Berkeley's research and collecting interests in South Asia are long-standing, dating back at least to 1906, when Sanskrit was first taught here. At that time, the Library's acquisitions included Indic religion, history, philosophy and literature, in Sanskrit and Western languages. As faculty interest in the region grew during the ensuing century, collecting widened to the social sciences and humanities, in both South Asian and Western European languages. The South Asia region now accounts for over a fifth of the world’s population, and is home to (by most counts) the world’s second and sixth most-spoken languages, Hindi and Bengali, as well as a booming publishing industry that includes indigenous as well as English language materials.
Berkeley continues to maintain and develop its world-class collection, reflecting the diversity and dramatic growth of South Asian studies on the campus. Berkeley’s South Asia faculty are among the premier scholars in their fields, and our South Asia-related programs are among the nation’s best. The Center for South Asia Studies has some 40 affiliated faculty on the Berkeley campus, whose research spans academic disciplines from anthropology, political science, public health, and women’s studies, to linguistics, theater, and history of art. A sampling of current faculty research, for instance, includes transnational feminist theory, religious social movements, electoral politics in India, colonial and post-colonial Hindi literature, South Asian folklore, social forestry, diaspora communities, Tamil literature and poetry, Gandhian thought and practice, Sanskrit literature, water management and transnational river conflicts, ethnomusicology, and the Bollywood film industry.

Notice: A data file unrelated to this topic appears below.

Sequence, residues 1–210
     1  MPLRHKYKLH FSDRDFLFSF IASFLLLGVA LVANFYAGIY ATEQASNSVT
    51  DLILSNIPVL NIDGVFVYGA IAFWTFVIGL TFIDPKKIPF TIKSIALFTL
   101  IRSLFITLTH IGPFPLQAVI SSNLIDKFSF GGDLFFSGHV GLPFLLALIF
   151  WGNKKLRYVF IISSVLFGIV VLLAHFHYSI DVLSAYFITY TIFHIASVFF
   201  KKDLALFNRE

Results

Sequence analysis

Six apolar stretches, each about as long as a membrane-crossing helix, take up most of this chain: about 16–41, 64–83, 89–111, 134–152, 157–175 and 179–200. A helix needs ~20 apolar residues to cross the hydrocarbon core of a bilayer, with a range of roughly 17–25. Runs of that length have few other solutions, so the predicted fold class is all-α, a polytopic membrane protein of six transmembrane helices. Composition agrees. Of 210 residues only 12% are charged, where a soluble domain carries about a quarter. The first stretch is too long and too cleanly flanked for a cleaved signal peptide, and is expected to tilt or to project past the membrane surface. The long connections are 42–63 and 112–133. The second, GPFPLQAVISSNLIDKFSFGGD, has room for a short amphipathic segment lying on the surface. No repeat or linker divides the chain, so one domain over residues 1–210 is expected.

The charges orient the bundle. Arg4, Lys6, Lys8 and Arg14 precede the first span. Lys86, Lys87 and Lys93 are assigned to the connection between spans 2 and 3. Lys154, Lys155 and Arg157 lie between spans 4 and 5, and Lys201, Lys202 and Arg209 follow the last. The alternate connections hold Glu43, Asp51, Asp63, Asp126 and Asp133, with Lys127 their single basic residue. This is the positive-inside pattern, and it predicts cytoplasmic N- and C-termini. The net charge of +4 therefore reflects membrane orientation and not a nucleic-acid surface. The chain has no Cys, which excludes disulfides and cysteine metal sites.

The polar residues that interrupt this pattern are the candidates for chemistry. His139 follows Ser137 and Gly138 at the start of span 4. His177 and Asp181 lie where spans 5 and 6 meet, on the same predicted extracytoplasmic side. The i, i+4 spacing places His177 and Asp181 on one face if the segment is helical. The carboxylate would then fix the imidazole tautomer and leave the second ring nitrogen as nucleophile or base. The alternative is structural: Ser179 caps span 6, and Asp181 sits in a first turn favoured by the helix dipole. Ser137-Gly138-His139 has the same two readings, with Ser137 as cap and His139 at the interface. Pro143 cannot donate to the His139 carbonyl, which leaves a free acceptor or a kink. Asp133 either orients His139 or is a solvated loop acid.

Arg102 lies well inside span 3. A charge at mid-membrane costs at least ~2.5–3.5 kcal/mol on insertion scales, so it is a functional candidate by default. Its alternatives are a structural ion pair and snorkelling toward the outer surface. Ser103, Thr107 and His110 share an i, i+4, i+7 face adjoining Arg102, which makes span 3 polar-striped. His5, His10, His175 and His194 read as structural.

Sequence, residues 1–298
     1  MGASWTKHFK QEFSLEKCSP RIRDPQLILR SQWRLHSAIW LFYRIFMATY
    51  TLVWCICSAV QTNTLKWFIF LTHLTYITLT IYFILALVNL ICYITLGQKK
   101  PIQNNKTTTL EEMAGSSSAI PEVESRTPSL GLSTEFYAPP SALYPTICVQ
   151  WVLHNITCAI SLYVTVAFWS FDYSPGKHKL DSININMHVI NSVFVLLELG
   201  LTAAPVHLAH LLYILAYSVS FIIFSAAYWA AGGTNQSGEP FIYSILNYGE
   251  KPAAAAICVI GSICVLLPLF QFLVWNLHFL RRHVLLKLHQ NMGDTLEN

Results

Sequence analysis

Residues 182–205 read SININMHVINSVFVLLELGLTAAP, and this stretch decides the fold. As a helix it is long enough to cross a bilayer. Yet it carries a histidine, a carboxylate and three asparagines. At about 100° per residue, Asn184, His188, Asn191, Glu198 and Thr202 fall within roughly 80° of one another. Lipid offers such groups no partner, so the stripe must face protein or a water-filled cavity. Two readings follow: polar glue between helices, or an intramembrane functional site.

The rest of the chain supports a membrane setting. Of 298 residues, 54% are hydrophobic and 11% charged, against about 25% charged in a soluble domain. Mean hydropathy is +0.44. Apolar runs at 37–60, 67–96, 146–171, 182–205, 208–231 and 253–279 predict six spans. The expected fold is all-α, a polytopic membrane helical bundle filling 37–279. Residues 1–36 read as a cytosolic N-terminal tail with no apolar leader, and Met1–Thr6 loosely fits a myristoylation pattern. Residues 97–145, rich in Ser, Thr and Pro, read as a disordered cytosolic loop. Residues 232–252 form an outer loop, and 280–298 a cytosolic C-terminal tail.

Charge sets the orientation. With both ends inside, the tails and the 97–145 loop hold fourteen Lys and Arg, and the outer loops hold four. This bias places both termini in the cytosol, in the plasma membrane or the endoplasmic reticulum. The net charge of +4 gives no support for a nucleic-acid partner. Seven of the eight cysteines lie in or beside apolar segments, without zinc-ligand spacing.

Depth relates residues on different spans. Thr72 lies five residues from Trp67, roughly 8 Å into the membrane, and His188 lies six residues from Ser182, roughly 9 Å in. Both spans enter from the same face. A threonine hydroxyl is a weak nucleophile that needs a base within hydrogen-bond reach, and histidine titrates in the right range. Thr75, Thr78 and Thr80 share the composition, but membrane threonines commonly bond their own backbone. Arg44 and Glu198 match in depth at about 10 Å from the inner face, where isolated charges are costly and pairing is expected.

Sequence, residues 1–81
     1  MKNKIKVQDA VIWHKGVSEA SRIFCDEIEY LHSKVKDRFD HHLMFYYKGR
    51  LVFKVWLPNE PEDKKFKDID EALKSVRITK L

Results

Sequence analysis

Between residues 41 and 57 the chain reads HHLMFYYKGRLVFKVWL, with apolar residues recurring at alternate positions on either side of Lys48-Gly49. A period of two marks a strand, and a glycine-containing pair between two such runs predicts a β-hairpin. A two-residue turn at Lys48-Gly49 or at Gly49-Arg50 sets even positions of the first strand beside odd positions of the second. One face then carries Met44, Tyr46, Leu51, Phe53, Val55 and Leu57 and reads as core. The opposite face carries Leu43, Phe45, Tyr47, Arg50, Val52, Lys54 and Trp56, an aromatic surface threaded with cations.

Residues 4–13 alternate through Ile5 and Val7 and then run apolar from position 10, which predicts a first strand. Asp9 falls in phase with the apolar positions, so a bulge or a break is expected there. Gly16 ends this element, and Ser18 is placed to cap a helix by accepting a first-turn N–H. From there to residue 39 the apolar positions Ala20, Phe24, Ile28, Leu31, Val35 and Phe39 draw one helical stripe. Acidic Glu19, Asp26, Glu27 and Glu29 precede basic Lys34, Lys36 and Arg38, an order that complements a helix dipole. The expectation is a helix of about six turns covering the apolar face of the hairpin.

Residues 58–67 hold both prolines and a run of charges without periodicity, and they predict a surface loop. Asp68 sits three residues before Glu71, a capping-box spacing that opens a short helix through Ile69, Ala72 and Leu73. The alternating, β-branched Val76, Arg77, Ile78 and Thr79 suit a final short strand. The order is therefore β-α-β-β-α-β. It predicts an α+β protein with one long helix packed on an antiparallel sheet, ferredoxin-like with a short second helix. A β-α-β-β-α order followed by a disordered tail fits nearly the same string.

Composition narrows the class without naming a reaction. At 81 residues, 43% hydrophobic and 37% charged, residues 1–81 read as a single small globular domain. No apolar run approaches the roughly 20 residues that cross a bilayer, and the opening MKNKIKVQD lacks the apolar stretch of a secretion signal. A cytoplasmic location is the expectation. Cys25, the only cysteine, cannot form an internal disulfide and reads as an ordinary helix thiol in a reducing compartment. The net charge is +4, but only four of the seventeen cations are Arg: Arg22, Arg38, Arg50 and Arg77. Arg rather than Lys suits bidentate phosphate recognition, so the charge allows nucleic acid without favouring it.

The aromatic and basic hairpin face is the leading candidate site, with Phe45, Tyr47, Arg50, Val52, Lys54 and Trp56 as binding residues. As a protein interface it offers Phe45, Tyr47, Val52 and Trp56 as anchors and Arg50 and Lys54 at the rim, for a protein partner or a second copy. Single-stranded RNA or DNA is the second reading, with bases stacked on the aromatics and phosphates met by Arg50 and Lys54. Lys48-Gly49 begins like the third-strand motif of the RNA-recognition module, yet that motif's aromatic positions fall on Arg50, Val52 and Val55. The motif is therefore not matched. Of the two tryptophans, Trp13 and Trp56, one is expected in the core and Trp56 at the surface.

Berkeley’s Institute for South Asia Studies is one of only a dozen federally funded “National Resource Centers for South Asia.” In addition to frequent colloquia and lectures, the Institute sponsors a highly popular film series each year, and an annual South Asia conference that draws participants from around the world. In 2004-2005, the Institute has organized a year-long interdisciplinary lecture series on “The City” which is bringing renowned urban studies scholars like Gayatri Chakravorty Spivak, Mike Davis, Neil Smith, and Amitava Kumar to Berkeley. The Institute also hosts distinguished Visiting Scholars each year who enrich the campus’ dialogue on South Asia, and maintains vibrant ties with the Bay Area’s South Asian communities through outreach, exhibits, lectures and fundraising.Students may obtain degrees with a specialization in South Asian studies in numerous academic departments and interdisciplinary programs.